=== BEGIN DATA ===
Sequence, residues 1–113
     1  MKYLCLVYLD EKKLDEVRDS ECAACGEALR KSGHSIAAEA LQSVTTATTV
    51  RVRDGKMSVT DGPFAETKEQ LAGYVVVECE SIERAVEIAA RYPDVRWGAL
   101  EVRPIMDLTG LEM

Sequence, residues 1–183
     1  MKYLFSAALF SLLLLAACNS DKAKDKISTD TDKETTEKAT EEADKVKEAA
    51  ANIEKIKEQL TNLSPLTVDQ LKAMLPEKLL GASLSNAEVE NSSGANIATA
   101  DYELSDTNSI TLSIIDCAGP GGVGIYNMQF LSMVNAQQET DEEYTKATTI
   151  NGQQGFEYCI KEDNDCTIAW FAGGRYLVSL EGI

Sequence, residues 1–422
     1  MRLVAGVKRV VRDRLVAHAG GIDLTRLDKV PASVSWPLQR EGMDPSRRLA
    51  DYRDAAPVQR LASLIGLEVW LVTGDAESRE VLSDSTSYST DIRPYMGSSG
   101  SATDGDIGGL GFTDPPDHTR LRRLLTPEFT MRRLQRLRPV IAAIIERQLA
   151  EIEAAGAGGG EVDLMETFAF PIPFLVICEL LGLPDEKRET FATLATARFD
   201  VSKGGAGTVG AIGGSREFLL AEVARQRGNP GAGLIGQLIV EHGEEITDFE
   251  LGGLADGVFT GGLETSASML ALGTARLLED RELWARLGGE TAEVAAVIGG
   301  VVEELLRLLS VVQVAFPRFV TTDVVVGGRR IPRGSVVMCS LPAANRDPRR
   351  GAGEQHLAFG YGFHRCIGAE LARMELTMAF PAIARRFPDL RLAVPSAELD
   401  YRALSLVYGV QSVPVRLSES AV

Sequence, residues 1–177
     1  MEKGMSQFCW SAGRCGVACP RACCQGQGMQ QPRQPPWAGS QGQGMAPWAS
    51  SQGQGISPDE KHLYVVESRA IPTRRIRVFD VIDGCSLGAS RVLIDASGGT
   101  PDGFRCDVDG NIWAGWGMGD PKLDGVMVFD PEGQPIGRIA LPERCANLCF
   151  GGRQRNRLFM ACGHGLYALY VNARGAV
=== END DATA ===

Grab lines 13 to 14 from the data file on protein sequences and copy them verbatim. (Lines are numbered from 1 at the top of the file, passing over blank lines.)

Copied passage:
   101  SATDGDIGGL GFTDPPDHTR LRRLLTPEFT MRRLQRLRPV IAAIIERQLA
   151  EIEAAGAGGG EVDLMETFAF PIPFLVICEL LGLPDEKRET FATLATARFD